A herbal product will be considered a medicinal product if medicinal claims are made about it i.e. that it can prevent, treat or cure disease.

Such products are regulated by the Medicines and Healthcare products Regulatory Agency (MHRA) and display the Traditional Herbal Registration (THR) logo if they have been approved for sale. The Traditional Herbal Medicines Directive and the national implementing legislation The Medicines (Traditional Herbal Medicinal Products for Human Use) Regulations 2005 does not permit the sale of herbal medicines in the UK unless they carry the logo.

Herbal products may also be classified and placed on the market as food provided they don’t fulfill the definition of medicinal products and that they comply with the applicable UK food law. In particular, herbal products marketed in the form of food supplements should comply with Directive 2002/46/EC on food supplements and Regulation (EC) No 1924/2006 on nutrition and health claims made on food.

No. Food law does not permit any food to make any claim, or imply that it can treat, prevent or cure any disease or adverse medical condition.

Food supplements are intended to supplement the diet; they are not medicines and therefore should never imply that they can do more than maintain and support health.   Food supplements cannot claim or imply that they can replace a varied and balanced diet.

Food supplements can make claims about specific health benefits or nutrition claims under the Nutrition and Health Claims Regulation (EC/1924/2006).  See ‘How are claims made about food supplements regulated?’ for more information.

To improve consumer protection in labelling claims, the European Union put the Nutrition and Health Claims Regulation (EC/1924/2006) in place in 2006.  All foods which make claims, including food supplements, sold within the EU must comply with this regulation.

A health claim is a direct, indirect or implied claim, in words, pictures or any other representation that suggests that consumption of any product making the claim carries a specific health benefit (e.g. Calcium is needed for the maintenance of normal bones).

A nutrition claim is any claim which states, suggests or implies that a food has particular beneficial nutritional properties due to the presence, absence, increased or reduced levels of energy or of a nutrient or other substance (e.g. high in vitamin C, low in fat).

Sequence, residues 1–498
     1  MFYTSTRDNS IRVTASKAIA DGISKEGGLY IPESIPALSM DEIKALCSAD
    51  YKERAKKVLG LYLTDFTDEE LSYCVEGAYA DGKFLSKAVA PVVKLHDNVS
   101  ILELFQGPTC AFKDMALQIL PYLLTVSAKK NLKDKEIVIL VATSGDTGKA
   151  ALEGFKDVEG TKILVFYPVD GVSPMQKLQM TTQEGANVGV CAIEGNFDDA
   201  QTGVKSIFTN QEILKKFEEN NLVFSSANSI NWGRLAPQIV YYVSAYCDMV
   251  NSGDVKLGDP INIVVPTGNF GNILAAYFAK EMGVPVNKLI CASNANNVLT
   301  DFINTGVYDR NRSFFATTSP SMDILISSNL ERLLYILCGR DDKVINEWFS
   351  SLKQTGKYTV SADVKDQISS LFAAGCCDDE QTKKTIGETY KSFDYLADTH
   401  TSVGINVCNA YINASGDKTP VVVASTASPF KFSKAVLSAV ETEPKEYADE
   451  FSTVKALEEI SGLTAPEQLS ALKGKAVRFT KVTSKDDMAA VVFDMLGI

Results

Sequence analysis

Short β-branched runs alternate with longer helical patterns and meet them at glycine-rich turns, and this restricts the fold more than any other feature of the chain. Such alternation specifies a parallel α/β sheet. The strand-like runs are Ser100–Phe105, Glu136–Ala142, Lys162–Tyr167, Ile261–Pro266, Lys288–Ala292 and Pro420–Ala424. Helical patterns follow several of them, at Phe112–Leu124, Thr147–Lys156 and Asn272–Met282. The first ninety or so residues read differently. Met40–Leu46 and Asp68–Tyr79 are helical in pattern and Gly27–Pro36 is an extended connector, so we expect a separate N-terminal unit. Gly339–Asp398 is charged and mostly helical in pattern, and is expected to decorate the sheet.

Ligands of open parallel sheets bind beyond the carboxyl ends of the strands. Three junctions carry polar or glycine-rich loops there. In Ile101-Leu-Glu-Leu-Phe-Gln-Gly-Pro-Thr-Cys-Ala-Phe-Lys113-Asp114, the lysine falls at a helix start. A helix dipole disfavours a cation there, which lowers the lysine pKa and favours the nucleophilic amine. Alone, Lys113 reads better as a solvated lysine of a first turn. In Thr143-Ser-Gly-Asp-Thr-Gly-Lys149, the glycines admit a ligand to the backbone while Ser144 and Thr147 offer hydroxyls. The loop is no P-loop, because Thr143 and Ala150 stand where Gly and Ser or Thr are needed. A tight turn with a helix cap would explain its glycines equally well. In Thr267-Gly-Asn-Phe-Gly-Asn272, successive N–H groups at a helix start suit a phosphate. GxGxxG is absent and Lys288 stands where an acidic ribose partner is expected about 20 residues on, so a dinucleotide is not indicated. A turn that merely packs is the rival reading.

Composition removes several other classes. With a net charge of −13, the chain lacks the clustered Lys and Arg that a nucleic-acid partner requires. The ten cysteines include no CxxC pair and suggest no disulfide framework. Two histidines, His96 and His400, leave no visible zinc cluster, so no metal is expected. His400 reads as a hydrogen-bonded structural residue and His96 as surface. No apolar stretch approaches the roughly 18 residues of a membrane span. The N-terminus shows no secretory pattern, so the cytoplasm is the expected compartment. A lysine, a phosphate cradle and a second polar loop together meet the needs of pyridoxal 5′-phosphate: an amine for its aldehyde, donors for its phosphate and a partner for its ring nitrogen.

The Nutrition and Health Claims Regulation (EC/1924/2006)  applies to all commercial communications about food (any communication intended to persuade the final consumer to purchase a product).  This includes packaging, labelling and all forms of advertising including catalogues, web advertising, social media and company web pages.

Any claim permitted for use on foods (which may be a health or a nutrition claim) is scientifically assessed by the European Food Safety Authority (EFSA) and, if given a favourable opinion, is then authorised for use by the European Commission.  Once authorised, the claim is put onto a central list of permitted claims which can be used in the advertising, promotion and labelling of food products.

The Advertising Codes enforced by the Advertising Standards Authority (ASA) reflect the requirements of the Nutrition and Health Claims Regulation and refer to other legislation as appropriate.

The Advertising Codes only apply to marketing communications and advertisements covered by the ASA remit which is defined more narrowly than “commercial communications” under the Nutrition and Health Claims Regulation.  For more information see the ASA’s website which also includes information regarding how they work with other bodies including the Department of Health in relation to health and nutrition claims made on food, including food supplements.

The Department of Health has responsibility for national and EU legislation on food supplements within England.  The responsibility for the policy area of food supplements legislation in Wales rests with the Welsh Assembly.  The Food Standards Agency Devolved Administrations of Scotland, and Northern Ireland are responsible for national legislation in their own administrations where separate but similar Regulations apply.

The legislation is enforced through local Trading Standards Offices and Port Health Authorities.